Just past Sherman’s Summit on US 395, driving east of Yosemite at seven o’clock and the sun’s setting over the melancholy prairie and the mountains. Bitter sweet memories rise with the dust haze off the highway, driving eighty feels like forty on these wide Californian roads, Josh Ritter on the stereo in a warm car with the cool blue evening light outside.
In Yosemite park you climb to Vernal Falls, a steep hike up vertiginous steps to a small ice clear lake, and hike about a thousand feet off the trail up rough scrub and granite boulder till you overlook Nevada falls and a sweet drop below.
Next day you hike eight miles uphill, bushwhacking work at eight thousand feet and up, and face the Half Dome, a great granite hemisphere which seems shorn in two so that one side overlooks Yosemite valley almost five thousand feet below. The last four hundred meters you climb with the aid of two cables, loosely hammered into the sheer rock face – cables you drag yourself up whilst other visitors on their way down swing past grinning ‘nearly there’s’, as you prepare to loose your grip and plummet. At the top you collapse, breathless for the hundred and first time that day, too empty to do more than stare into the perfectly blue sky. When finally you move, you cross to the domes northwest face, to twitter at the edge in waves of shock at what you’re doing, leaning over and further and closer to the drop, leaning with a gusty wind behind, inches from certain death.
The place is like Everest, superficially intimidating, yet often visited. To you it seems epic, like the roof of the world. Near Himalayan views in every direction somehow provide the energy to start down, sliding backward, one hand on either steel cable, rappelling without a safety. Then the decent, eight miles of scrag and step and broken dusty path, and a Tennessee racist in a home made ranger uniform ranting about ‘the blacks’, down to fresh water, stolen and no doubt parasitic, from the Vernal waterfall, and down into the sleep of the dead.
Next afternoon a detour to Bodie ghost town, the partly restored but mostly ramshackle remnants of a 19th century mining community, where you gawp at rusting model T’s and in the windows of school rooms and bars and at the mine rusting and still – the buildings far apart, standing proud against the desert and the cool unfeeling plains.
In the desert night falls, and I take over the driving. Licenses, who needs em? The road appears, post by reflective post, straights and dips and tight turns, death Vally invisible on either side. We stop the car and I walk out into the desert, to where the road disappears, and look up into the sky, still a little red from the cities ahead and behind, but alive with the streak of milky way and the dust of blinking stars which gradually develop colors.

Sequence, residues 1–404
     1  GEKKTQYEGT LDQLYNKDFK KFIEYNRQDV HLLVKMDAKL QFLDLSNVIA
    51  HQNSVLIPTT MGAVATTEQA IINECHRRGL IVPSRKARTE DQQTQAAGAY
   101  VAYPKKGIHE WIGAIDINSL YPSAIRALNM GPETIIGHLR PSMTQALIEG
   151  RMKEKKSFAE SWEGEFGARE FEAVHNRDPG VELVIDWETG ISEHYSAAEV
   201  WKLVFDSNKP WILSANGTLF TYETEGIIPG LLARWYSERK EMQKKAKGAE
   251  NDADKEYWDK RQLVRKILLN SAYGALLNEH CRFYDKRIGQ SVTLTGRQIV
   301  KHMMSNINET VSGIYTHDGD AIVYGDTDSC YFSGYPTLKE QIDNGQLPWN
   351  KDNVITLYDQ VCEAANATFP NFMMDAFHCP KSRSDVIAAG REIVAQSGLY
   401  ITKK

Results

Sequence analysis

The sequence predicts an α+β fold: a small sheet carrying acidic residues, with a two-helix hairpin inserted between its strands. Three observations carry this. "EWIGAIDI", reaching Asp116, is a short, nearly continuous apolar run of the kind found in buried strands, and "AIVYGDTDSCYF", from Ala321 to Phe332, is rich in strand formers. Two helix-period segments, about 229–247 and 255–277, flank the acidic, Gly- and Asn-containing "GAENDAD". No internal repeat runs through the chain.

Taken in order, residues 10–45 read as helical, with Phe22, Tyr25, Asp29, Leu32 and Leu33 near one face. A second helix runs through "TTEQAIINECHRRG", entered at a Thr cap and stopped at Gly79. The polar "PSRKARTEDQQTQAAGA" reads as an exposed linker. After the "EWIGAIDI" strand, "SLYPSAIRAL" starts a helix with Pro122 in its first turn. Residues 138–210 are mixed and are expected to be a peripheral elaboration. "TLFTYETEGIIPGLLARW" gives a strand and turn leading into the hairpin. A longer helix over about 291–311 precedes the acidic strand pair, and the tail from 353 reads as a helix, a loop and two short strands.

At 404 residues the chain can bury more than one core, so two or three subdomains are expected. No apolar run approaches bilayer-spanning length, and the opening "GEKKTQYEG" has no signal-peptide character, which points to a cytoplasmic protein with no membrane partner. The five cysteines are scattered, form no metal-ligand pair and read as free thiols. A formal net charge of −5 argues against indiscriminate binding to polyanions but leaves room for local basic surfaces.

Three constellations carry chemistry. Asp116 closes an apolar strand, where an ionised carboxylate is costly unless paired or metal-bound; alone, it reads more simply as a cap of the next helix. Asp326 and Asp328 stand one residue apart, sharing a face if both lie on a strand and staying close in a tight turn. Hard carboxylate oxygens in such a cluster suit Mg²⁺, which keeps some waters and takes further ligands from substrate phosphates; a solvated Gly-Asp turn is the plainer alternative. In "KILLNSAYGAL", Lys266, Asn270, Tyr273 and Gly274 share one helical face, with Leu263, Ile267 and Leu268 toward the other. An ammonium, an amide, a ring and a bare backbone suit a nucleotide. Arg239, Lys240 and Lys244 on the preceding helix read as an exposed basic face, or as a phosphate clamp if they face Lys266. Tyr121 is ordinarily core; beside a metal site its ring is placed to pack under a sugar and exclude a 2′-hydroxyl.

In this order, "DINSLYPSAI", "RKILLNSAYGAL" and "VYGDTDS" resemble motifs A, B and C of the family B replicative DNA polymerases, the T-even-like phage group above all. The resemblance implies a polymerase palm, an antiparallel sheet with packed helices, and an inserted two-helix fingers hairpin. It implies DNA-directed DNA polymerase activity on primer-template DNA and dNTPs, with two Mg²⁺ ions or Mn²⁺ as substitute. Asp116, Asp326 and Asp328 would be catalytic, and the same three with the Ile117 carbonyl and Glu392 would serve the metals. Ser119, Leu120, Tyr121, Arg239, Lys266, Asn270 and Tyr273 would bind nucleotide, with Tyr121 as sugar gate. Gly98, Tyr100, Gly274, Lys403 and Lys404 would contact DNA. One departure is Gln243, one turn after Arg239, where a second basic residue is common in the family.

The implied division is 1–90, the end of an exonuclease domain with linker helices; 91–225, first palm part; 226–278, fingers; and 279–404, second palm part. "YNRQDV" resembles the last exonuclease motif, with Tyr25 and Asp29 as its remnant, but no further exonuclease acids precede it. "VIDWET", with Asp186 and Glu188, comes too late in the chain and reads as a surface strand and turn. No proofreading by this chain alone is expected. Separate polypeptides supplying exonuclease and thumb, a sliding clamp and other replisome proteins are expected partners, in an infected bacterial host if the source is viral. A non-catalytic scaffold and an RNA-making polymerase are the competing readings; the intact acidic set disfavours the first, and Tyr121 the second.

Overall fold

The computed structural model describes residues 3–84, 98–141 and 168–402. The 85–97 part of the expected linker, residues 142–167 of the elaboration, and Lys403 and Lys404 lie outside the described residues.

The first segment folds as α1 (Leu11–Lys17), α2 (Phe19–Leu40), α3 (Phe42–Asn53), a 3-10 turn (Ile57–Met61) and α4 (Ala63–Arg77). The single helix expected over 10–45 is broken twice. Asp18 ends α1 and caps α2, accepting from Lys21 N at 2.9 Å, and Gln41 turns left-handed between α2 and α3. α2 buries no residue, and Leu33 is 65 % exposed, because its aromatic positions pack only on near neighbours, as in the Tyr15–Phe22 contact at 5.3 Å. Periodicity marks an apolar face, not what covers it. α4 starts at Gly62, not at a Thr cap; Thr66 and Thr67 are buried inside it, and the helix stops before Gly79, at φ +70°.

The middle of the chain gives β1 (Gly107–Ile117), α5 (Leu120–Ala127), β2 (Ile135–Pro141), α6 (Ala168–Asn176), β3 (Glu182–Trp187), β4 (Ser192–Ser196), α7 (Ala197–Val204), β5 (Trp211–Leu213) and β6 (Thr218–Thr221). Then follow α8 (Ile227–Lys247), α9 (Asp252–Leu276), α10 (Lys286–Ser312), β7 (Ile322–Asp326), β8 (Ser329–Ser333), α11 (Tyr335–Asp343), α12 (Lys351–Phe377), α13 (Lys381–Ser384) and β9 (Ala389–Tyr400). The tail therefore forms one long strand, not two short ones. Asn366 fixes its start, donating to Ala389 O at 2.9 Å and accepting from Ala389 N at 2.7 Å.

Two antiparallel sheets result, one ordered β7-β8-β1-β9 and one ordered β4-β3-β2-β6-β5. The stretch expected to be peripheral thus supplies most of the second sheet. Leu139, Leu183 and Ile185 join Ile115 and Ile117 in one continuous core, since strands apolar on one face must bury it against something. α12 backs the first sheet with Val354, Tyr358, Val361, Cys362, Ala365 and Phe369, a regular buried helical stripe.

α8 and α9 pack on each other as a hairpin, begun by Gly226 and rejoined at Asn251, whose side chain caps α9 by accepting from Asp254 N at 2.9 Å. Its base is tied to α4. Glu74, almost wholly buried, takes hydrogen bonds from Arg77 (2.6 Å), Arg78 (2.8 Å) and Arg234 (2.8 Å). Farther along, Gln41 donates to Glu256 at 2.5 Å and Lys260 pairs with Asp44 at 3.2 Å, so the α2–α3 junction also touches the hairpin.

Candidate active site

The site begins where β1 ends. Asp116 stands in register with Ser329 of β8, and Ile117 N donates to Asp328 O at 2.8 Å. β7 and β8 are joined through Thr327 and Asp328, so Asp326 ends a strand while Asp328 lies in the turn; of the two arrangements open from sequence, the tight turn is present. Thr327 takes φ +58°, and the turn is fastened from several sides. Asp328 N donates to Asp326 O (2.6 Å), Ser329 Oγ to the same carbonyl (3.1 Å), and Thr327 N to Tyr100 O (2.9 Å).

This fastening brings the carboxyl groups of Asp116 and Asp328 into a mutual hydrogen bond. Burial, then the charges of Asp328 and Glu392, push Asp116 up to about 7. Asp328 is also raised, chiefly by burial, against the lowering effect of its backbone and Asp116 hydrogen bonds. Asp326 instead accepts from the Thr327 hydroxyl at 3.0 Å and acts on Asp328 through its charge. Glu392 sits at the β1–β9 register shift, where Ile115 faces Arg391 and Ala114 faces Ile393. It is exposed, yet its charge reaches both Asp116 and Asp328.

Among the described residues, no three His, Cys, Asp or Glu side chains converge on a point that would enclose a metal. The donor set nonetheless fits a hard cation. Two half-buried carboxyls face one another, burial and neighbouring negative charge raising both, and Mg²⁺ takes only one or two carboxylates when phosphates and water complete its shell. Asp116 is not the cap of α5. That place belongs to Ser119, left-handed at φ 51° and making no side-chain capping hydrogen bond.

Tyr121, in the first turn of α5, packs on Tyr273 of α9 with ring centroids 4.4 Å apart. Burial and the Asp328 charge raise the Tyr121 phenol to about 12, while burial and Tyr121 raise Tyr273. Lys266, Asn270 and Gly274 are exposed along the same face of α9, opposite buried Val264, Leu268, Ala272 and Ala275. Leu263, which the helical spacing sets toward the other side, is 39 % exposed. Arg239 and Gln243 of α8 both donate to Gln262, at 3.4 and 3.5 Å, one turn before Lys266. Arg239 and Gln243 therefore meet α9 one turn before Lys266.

Back in the car, we see what looks like Vegas, far ahead of schedule, and wake up suddenly, shaking and straightening our seat backs, but something strange happens. Instead of congealing into a city, the mess of lights separates as we approach, becomes buildings isolated on patches of dirt, with roofs lit as if to impersonate a place; becomes casinos large and cold, but certainly no Vegas. This is Parump, a shadow of a town, a slim satellite imitation of the city in the desert, a place at night that has no purpose, save to lurk on the outskirts of nowhere, shining a fools light into the desert.
When finally we hit ‘the real’ Vegas, at 4am, having driven 300 miles overnight, having overshot Death Valley altogether, having found no room, no cheap room anyhow, and travelled on and on, me clutching my discount travel guide like a talisman to light the way; it’s Friday night in the city, and Bike fest is on, but on our third try we find a place, ‘Motel’, clean and quiet with beds bigger than we need and a gigantic television.
Vegas is truly postmodern, the photos you take are more real than the place itself, the concrete mask of a city literally planted in the sand, even after all this time, even after the Mormon’s and the mob and a ‘restortification’ so complete that ‘Sin City’ is a trade mark, and cannot be used.
Caesar’s palace is a city onto itself – if you can stomach the kitsch marble statues, painted night skies and immaculate designer stores, the palace has a certain charm.
What’s impossible to enjoy about every Vegas casino, are the dead eyed slot junkies hunched into their one arm bandits, jacked in via credit card to one, two or even three machines at once – compulsively tapping at blinking keys like skinners rats.
In Vegas, perhaps more than anywhere in America, one experiences a bizarre deja vu – these mean dusty streets, these glittering lights, these laughing shouting carousing b boys and homies and preppy college kids – we’ve seen them all before, bigger and louder and iconographically crystallized in moving images. Vegas really is just any other city, just a sad nest of addiction and prostitution with a thin skein of plastic glamour and aspiration; an opulent pimp, the city flicks its head and shakes its swollen belly, thrusting its hips into the desert, immune to its inadequacy.
Walking down Main street (not the main street, that’s the blvd) Los Vegas on Saturday night I stumble onto Fremont street, a boulevard which stretches three blocks, enclosed up to the centre of the city. Tonight its Bike Fest – always in America such denotative names – and an Ozzy tribute band, not Ozzy as he was, but the Ozzy of today, a rambling shambles of a tribute, which is to say an accurate one, and up further on Main street this place, a bail bond internet cafe, and that is all, and pictures..They will have to wait.